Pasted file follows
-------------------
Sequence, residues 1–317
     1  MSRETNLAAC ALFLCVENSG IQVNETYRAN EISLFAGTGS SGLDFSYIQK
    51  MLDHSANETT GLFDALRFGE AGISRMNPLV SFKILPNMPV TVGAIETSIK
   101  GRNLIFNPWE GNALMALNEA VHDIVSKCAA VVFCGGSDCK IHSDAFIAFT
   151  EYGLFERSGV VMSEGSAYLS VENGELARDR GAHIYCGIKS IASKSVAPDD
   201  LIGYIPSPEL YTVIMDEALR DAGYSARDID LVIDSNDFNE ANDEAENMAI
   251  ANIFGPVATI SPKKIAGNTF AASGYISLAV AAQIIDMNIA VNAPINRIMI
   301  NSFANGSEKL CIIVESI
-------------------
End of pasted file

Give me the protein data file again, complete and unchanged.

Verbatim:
Sequence, residues 1–317
     1  MSRETNLAAC ALFLCVENSG IQVNETYRAN EISLFAGTGS SGLDFSYIQK
    51  MLDHSANETT GLFDALRFGE AGISRMNPLV SFKILPNMPV TVGAIETSIK
   101  GRNLIFNPWE GNALMALNEA VHDIVSKCAA VVFCGGSDCK IHSDAFIAFT
   151  EYGLFERSGV VMSEGSAYLS VENGELARDR GAHIYCGIKS IASKSVAPDD
   201  LIGYIPSPEL YTVIMDEALR DAGYSARDID LVIDSNDFNE ANDEAENMAI
   251  ANIFGPVATI SPKKIAGNTF AASGYISLAV AAQIIDMNIA VNAPINRIMI
   301  NSFANGSEKL CIIVESI